Stuart was elected national president of the Society of Professional Journalists in 1994. He received the Ida B. Wells Award for promoting diversity in journalism, the Leadership in Diversity Award from the Asian American Journalists Association and the Wells Memorial Key from the Society of Professional Journalists. Stuart is married to Daryl Thomas Stuart with whom he has three children, Reginald II, Nicholas and Andrea.

Reginald Stuart was interviewed by The HistoryMakers on 08/29/2012.

Accession Number

A2012.231

Sex

Male

Interview Date

8/29/2012

Last Name

Stuart

Maker Category
Marital Status

Married

Schools

Ford Green Elementary School

Washington Junior High School

Pearl-Cohn Entertainment Magnet High School

Tennessee State University

Columbia University

Search Occupation Category
First Name

Reginald

Birth City, State, Country

Nashville

HM ID

STU03

Favorite Season

Fall

State

Tennessee

Favorite Vacation Destination

None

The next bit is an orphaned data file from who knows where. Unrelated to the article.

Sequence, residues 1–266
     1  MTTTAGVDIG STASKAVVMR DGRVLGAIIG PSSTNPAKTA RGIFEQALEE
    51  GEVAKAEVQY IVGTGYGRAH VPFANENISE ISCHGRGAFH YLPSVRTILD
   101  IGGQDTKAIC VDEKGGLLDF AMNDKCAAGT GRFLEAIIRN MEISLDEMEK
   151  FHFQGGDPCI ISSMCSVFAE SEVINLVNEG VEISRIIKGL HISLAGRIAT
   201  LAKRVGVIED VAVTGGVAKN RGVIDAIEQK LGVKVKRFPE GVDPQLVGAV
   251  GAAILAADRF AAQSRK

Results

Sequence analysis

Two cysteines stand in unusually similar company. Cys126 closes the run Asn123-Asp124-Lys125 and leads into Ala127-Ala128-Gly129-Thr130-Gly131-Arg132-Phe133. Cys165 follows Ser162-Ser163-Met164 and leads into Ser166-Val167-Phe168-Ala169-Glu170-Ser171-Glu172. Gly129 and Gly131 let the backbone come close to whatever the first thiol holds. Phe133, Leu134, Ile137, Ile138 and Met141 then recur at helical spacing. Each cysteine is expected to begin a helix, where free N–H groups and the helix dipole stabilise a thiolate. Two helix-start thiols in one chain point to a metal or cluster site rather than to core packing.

Favorite Quote

He Was A Pretty Good Fella, But He Could Have Been Better.

Bio Photo
Speakers Bureau Region State

District of Columbia

Birth Date

11/26/1948

Birth Place Term
Speakers Bureau Region City

Washington

Country

United States

Favorite Food

Cobbler (Peach), Greens (Turnip), Macaroni, Cheese, Bread (Rolls), Barbecue Pork

Short Description

Newspaper correspondent and corporate recruiter Reginald Stuart (1948 - ) , earned his M.S. degree in journalism from Columbia University in New York City, and wrote Bailout: The Story Behind America’s Billion Dollar Gamble on the “New” Chrysler Corporation, a book about the government’s 1979 financial bailout of the Chrysler Corporation.

Employment

Nashville Tennessean

WSIX TV

New York Times

Knight Ridder Newspapers

Favorite Color

Blue

Timing Pairs